Symphony Under the Stars - Sydney Domain

Other women have told me they were relieved that they couldn't breast feed or opted not to. That is their choice. For me it was important. I believe my children’s health and immune systems got the best start I could offer them. I believe the quality of our bonding was enhanced by the physical intimacy of breast feeding and its associated chemical processes. Once I relaxed into it, I found breast feeding very pleasurable. Not least because of the uterine contractions it triggers!  Those contractions help with the pelvic floor’s recovery too. 

Predictions about dwindling milk supply proved wrong in my case.  While the need to clean the shields every time I used them and to carry a little pot of Milton solution* with me at all times was cumbersome and did interfere with spontaneity feeding my babies, bottle feeding paraphernalia would have presented its own inconveniences.

For me personally, used to following through with the ventures I undertook, there was  an immense satisfaction in persevering and succeeding in pursuit of something I considered so valuable. While I haven’t necessarily become an evangelist for breast feeding, well I suppose I have really, a bit, I do urge new mothers to try. UNICEF and WHO recommend that babies are exclusively breast fed for the first 6 months of their lives – they do so for good reasons – it is positive for mother and baby in both the short and long term and is economically wise. In some countries women are manipulated by commercial interests into eschewing breast feeding or it is made very difficult for them because it is discouraged or even disallowed in workplaces. 

We need to normalise the mammalian natural

Choice is a feminist issue. So is our hard won right to proper care in our pregnancies and as new mothers, our access to adequate maternity leave and the implementation of enlightened breast feeding policies in the public arena and our workplaces. In 2021 we are questioning cultures based on male privilege and male preferences more strongly than ever. Supporting and encouraging breast feeding as part of a ‘new normal’ is important to that revolution! 

*I note that the Australian Breastfeeding Association now maintains that washing in soap and water then rinsing in hot water is sufficient.

Saturday, January 16, 2021

Funding My Epiphany

All Saints East Horndon source: All Saints homepage

Above the Essex village

where my childhood petered out...

a russet Tudor church stands on a hill.

Across a busy highway

up a lane, through a barred gate

past brambled headstones

my Clarks-shod feet found it one afternoon.


I entered through its low doorway

to hazy mote-filled air revealing

spattered pews, uneven masonry, ancient niches

and dusty alabaster monuments.


A narrow brick stairway led to a tower

housing four bare bell yokes,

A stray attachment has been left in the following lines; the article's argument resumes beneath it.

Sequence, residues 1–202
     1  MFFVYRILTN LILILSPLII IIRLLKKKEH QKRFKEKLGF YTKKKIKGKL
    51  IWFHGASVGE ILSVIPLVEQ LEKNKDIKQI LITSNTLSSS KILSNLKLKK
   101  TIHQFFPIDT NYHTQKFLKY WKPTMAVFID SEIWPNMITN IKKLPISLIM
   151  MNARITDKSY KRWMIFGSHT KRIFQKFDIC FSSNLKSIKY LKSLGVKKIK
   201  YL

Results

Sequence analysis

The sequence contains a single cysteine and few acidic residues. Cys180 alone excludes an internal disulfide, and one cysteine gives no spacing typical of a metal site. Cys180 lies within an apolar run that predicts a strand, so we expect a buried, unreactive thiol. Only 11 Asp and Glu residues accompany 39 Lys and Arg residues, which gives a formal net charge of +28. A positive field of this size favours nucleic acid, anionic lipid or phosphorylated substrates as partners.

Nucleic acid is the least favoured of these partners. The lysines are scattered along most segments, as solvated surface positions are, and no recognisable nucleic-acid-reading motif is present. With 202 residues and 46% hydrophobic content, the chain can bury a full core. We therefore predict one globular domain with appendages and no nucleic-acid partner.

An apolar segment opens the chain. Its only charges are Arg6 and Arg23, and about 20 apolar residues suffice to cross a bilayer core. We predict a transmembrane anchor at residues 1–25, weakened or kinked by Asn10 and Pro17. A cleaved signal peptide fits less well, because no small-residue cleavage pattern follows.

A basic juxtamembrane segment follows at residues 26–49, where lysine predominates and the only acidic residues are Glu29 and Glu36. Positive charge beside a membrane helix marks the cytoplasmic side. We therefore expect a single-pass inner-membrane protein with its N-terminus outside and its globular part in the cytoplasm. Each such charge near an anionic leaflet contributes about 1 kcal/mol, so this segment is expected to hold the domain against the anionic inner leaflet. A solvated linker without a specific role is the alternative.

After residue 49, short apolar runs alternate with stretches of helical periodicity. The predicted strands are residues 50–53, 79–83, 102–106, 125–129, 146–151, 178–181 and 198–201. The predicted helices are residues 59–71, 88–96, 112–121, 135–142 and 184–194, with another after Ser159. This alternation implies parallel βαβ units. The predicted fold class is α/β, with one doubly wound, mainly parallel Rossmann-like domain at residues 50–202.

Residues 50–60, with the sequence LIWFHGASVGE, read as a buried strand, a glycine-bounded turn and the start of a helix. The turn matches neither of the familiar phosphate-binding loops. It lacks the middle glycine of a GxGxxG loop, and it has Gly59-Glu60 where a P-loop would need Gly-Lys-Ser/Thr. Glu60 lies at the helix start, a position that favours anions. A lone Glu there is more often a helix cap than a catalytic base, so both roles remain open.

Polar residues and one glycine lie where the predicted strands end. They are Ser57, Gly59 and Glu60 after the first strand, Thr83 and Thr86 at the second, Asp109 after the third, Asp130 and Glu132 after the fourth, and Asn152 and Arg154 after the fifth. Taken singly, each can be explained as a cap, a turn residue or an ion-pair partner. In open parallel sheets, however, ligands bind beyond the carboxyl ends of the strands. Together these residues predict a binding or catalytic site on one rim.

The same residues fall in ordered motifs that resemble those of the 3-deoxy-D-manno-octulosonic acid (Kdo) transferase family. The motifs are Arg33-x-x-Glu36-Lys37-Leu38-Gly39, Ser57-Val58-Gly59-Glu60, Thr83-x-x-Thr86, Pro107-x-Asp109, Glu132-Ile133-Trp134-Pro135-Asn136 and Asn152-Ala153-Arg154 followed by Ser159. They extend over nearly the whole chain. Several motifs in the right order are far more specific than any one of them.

above the droppings and bodies of birds


I lingered in the church until daylight began to fade 

sensing something solemn in this deconsecrated shell

- a counterpoint to the bland bungalows and

utilitarian buildings

of our post-war constructed village


In those next few weeks a quest consumed me -

Kodak box camera images, wax rubbings

dutiful copies of

names, dates and heraldry

legends, culled from pamphlets,

of slain dragons and Anne Boleyn’s secreted heart…

the first frisson of discovery


Twenty years on

visiting from a new land

I expected the decay to be complete

yet found my church rehabilitated,

disturbingly clean,

used for meetings and musical performances.

Safe, if no longer mysterious


Then on New Year’s eve 2020,

to cap the chaos of Trump and Brexit and COVID and planetary conflagration,

some people held a rave in All Saints

installing port-a-loos amongst the graves

splintering the Norman doorway

shattering a window

chipping stone and plaster work

using Lady Tyrrell’s tomb as a bar and

strewing  the floor with their empties.


Friends of the church have launched an appeal

- my philanthropy exceeds my budget

(thirty five pounds sterling

is over  sixty Aus dollars!) 

but I spare what I can 

to preserve the 500 year old fabric

of the church and of my epiphany.


Jan Pittard © 2021


Page from my 1967 notebook with notes and drawings produced at All Saints

The church interior as it was left by the revellers source: Essex Live website


Saturday, October 17, 2020

Bunny Ambivalence

Rabbits are not native to Australia but, along with other European pests, arrived by ship in 1788. Within 50 years they were endemic. 

In January 1912 Mr James McGrory of Willarma Station near Yass claimed in a report published in the Hillston Spectator & Lachlan River Advertiser that he had poisoned and collected the corpses of 5000 rabbits in one night, he volunteered three witnesses in case readers disbelieved him.

Record rabbit catch in the Riverina, The Sydney Mail 28 August 1912

Later that year the Manager of Wagga Wagga’s Borambola Station, Mr A.P. Wade, boasted a haul of 2000 rabbits in a single night to the Sydney Mail. The newspaper’s photograph of his inert quarry, arranged with Kondo-esque neatness, is reproduced above.   

As recently as February 2012, the ABC news website reported Riverina shooters culling more than 1000 bunnies each night.